On Sept. 19, 2016, interior design seniors were given details on a project to redesign a historic home on the campus of MSU.
June 20, 2017
By: Lauren Oldenburg, 2017 class of interior design; and Suk-Kyung Kim, PhD, SPDC associate professor of interior design
On Sept. 19, 2016, interior design seniors were given details on a project to redesign a historic home on the campus of Michigan State University. This project would be unlike any other they had worked on, because the students were being called upon by MSU’s President Lou Anna K. Simon to envision a redesign of Cowles House.
This residence on campus is reserved for the current president and his/her family members. Currently, President Simon does not use Cowles House as her permanent residence, but instead she utilizes its open space and historic features to hold events and gatherings for campus affairs.
The opportunity to redesign the oldest building on campus was an honor in the eyes of the students, and they treated it as such.
The students in IDES 442 Interior Design Programming were challenged to come up with a design that optimized the space to its fullest potential. Associate Professor Suk-Kyung Kim, PhD, instructor for the course, and the students worked hard to come up with a space that provided efficiency for events, and comfortability for future families to once again live within the walls of Cowles House.
The main design goal was to keep the historical elements that make this historic building a special place on campus, while incorporating modern touches that make the house livable in today’s residential environment.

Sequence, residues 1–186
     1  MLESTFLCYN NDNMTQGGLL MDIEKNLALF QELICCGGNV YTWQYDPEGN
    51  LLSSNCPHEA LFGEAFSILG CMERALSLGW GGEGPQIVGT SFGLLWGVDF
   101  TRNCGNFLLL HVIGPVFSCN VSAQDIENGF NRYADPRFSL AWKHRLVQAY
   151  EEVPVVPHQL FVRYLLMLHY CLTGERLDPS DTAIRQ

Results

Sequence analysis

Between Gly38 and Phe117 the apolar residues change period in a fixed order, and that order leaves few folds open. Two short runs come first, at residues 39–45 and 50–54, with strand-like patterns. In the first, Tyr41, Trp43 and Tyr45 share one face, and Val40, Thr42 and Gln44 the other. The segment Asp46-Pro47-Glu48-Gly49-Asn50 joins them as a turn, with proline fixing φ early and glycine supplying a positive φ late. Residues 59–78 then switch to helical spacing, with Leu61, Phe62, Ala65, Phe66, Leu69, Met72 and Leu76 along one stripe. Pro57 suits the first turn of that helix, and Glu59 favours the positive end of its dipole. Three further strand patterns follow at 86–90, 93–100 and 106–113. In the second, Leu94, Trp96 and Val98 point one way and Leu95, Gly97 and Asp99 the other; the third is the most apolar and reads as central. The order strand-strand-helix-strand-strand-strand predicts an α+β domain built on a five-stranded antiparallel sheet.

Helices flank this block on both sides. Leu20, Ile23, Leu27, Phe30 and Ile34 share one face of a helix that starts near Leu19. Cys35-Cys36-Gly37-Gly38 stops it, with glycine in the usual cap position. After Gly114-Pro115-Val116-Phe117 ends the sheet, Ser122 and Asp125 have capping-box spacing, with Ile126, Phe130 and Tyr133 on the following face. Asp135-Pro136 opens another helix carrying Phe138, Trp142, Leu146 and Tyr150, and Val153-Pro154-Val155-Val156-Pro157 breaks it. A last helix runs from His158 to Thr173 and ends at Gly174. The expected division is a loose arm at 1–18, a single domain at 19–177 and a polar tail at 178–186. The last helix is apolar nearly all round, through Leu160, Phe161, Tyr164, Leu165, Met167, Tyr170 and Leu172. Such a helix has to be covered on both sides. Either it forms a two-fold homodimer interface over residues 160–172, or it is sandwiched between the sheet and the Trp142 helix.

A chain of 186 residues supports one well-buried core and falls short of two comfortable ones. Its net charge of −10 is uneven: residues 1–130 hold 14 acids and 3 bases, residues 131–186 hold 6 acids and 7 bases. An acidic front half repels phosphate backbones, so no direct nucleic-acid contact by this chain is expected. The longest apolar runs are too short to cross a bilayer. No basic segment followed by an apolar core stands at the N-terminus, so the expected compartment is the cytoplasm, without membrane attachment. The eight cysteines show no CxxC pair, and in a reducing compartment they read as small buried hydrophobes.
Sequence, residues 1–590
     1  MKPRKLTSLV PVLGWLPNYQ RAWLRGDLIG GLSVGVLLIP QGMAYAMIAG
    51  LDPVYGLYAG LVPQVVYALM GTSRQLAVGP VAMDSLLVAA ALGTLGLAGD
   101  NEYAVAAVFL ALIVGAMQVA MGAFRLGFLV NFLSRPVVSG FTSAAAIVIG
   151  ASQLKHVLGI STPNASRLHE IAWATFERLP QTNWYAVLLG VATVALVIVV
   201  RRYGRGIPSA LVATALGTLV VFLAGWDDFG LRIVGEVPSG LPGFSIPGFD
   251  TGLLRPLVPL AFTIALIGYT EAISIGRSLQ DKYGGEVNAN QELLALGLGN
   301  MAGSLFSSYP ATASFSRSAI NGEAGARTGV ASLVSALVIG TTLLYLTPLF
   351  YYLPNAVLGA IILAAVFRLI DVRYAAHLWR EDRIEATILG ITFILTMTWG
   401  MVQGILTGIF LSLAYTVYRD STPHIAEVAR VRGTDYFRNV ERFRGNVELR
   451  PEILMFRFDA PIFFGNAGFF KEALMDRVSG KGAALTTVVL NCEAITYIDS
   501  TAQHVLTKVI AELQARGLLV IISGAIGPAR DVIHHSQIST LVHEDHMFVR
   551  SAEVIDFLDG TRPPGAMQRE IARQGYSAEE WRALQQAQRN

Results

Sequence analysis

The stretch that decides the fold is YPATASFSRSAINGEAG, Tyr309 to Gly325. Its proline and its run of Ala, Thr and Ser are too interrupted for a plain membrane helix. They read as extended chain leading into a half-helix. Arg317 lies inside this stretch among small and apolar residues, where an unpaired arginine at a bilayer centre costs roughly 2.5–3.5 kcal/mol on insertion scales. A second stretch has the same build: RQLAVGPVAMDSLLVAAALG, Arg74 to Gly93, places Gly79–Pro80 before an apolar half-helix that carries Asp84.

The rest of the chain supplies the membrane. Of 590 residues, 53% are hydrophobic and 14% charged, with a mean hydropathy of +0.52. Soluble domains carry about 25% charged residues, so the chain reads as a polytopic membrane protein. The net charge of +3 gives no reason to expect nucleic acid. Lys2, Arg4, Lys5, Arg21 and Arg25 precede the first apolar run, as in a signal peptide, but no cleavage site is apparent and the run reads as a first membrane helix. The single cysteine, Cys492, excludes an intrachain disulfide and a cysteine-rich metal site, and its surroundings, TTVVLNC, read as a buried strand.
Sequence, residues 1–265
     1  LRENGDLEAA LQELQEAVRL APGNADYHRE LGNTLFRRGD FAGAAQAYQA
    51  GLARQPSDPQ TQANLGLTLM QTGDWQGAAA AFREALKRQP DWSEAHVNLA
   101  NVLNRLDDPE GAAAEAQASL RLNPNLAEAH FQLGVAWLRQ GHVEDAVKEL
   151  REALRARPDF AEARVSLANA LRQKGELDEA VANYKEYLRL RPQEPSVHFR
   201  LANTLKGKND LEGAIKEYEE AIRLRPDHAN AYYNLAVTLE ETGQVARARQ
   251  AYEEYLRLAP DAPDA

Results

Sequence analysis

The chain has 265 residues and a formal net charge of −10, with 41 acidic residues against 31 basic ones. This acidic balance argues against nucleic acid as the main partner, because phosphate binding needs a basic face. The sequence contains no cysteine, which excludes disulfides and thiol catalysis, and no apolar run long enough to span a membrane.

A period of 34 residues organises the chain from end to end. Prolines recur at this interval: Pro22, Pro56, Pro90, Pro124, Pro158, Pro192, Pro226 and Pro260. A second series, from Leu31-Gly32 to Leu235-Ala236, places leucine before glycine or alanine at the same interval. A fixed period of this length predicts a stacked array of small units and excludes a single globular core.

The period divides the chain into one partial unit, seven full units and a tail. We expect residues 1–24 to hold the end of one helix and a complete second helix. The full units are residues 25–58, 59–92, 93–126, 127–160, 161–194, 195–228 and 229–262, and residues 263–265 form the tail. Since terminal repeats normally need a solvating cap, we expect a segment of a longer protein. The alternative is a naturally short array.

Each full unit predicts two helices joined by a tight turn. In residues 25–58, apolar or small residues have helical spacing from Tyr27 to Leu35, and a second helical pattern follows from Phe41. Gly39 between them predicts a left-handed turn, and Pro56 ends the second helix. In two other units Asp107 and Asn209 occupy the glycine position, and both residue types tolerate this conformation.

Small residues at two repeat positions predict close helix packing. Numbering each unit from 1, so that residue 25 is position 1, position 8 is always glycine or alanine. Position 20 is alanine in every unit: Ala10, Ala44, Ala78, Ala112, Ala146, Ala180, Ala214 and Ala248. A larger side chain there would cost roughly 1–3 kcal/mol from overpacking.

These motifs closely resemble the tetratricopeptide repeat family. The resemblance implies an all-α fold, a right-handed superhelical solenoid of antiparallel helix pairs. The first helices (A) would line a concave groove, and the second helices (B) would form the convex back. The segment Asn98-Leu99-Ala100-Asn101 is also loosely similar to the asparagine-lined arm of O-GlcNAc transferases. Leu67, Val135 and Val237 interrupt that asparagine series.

Throughout those few weeks after the project was introduced to them, the students conducted site visits of the space, researched climate analysis and building history, decided upon project goals and concepts, and formulated knowledgably space plans and solutions.
For a house originally built in 1857, which has undergone many renovations, there were many design challenges for the students to work through. Understanding the client’s needs played a large role in developing a final design solution for this project.
By Group 1 (Lauren Oldenburg, Shane Obrien, Erika Berg and Haley Murray).
There were many questions asked and answered within the student’s groups to each other and to the faculty of Cowles House. Once each group grasped a concept for their design, they let their creative minds take the lead.
By Group 2 (Abbi Vida, Sydney Bourque and Tina Alati).
This project provided a practical learning experience for students, which required them to analyze various constraints and propose creative solutions for a historic home.
By Group 3 (Anran Wang, Jiabao Zhang, Lattisha Littleton and Tierra Nelson).
In a short time, design solutions were formulated and presented to the Cowles House faculty on Nov. 2, 2016. Each group presented a design that was aesthetically pleasing and within their client’s taste, functional for today’s lifestyle, and accurately historically preserved. The students acted as the professionals they soon hope to be, and sold their ideas to their client.
By Group 4 (Lynne Davis, Brittany Hackel, Rui Zhang and Taylor Schnelbach).
The proposed design ideas were vetted through a feasibility analysis lead by Associate Professor Kim facilitated with assistance from Kirsten Kelly, the Cowles House manager, and Monte Pride, an architect from MSU Infrastructure Planning and Facilities.
By Group 5 (Colleen Ireland, Rachel Dobbin, Yiwei Chen and Wei Wan).
The refined ideas were then presented on Mar. 1, 2017, to President Simon; Roy Simon, PhD; Provost Youatt; and a select group from MSU. Interesting discussions and useful comments were made during the presentation. As an experiential learning project, the Cowles House redesign project was meaningful for both students and the instructor. Core redesign ideas for improving user’s accessibility, and enhancing space functions and efficiency will be included in the strategic plan for the building.
By Suk-Kyung Kim and Hebatalla Nazmy.
For more information and follow-up questions, contact Suk-Kyung Kim at firstname.lastname@example.org.